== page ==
3. says:

    No matter what you think of Suze Orman you don't know how great she is until you read one of her money books This one should be read by every college graduate It begins on the basic side with FICO scores and credit cardsbills and progresses into first time homebuying and such I unfortunately did not read it until I had been out of college for a while but I have found it to be immensely helpful Orman's advice is practical easy to take action on and is laid out in an easy to understand simple way in this bookHopefully high schools will get it together sometime soon to teach financial skills while kids are still in high school and before they get themselves into credit card debt and other financial trouble Deep financial debt is in my opinion an unnecessary epidemic that is not being properly addressed at an early enough age for most Kids also need to know the difference between good debt like educational loans and bad debt like credit card abuse; this is something that Orman addresses in detail in this book among many other things

  4. says:

    As a YFB'er I found this book condescending and some of the advice to be uestionable I've read a number of her books and much prefer the financial advice of Dave Ramsey Suze is over focused on the FICO score and she talks in generalities about how to manage money She laughs at the idea of a budget for the YFB'ers who obviously cannot be bothered with such tedious things

  5. says:

    The edition I have is a bit outdated and not everything applied to me but this book was simple and straightforward and I feel that I have a better and general understanding of all thing a financial I would say it's a must read for millennials of all ages

  6. says:

    Suze has won me over I'm almost complete and she is really speaking to me Retirement Rules chapter 6 is just wonderful I logged onto her website and filled out my goals and started her action plan I like that she only gives you the first step and when you finish that step you can go back online and move onto the next step Feels very do able to get the steps one at a time instead of seeing all the dauting tasks at once ; She also gives you notes that pertain to you based on how you answer the uestionnaire Very niceChapters 4 5 about credit and saving put me off a bit I should have picked up this book 5 years ago as good portion of the advice is geared towards single college grads or young couples that need to refocus there life and finances and boy could I have used this then I'm still in my twenties married 6 years with 2 kids and our share of financial woes which we learned and changed a lot in that unfortunate process I will keep reading in case there are some important tidbits I should not miss and I would definitely recommend this book to those I think it's suited for I'm interested in reading Suze's spiritual guide to stop worrying next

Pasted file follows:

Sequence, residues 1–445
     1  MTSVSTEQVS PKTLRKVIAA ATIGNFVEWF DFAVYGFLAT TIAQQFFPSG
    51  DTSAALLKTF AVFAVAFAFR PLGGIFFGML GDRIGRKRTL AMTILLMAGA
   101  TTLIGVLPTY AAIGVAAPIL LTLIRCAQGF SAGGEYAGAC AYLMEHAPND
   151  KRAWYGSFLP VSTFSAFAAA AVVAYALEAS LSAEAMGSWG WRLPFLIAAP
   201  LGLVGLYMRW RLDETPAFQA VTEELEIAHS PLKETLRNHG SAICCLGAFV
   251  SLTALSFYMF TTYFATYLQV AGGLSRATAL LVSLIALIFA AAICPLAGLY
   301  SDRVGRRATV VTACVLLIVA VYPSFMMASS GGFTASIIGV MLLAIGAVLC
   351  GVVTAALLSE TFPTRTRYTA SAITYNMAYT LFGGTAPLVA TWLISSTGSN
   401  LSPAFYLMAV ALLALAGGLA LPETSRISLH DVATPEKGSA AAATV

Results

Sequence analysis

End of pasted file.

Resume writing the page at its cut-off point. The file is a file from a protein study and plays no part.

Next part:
7. says:

    we've recently become devotes of suze ormond so when her book came out we bought it the money book for the young fabulous and broke is actually really damned helpful sure there were some stupid tips like put off getting your hair cut two weeks get it cut every 8 weeks instead of 6 not helpful dude i cut my hair at home the part that i found most valuable was the section on retirement she explained what the hell an ira vs a roth ira vs a 401k vs a 403b is it was amazing sure i haven't yet actually reallocated my funds because the webbernet likes to fuck me when i'm doing that but at least now i'll have a guide when i do decide to reallocate we also learned a good tip about trying to pay down our credit card debt we've tried other things that haven't worked so now we're going to try her advice and see what happens of course the next few months will be hard if we do really decide to move cash advance to pay our downpayment anyone? but moving will be best for our finances in the medium run i digress anyway suze's awesome you should buy this book and watch her show on saturdays on whatever cnbcmoney channel it's on

  8. says:

    Great advice for young people From managing credit card and credit score to buying first home The only advice young people should not listen to is that she suggest to pay minimal payment for credit card as my understanding Everyone SHOULD pay the full amount due each month on a credit card not the minimal payment She had the broke in mind so maybe that is okay for those who are truly broke and need a transition for a few months but paying minimal payment due accumulates high interest thus increases debt rapidly a bad idea Everything else sounds good advice so I recommended the book to my kids in college

  9. says:

    This book is dated but still contains some good information on getting started with your financial life As a person who has been lifelong frugal I am terrified my kids will fall in love with someone who has terrible personal finances Suze Orman says If a person doesn't respect money they will not respect you I've tested this theory on people I know and it appears to be true I will remember that for later on

  10. says:

    I enjoyed this book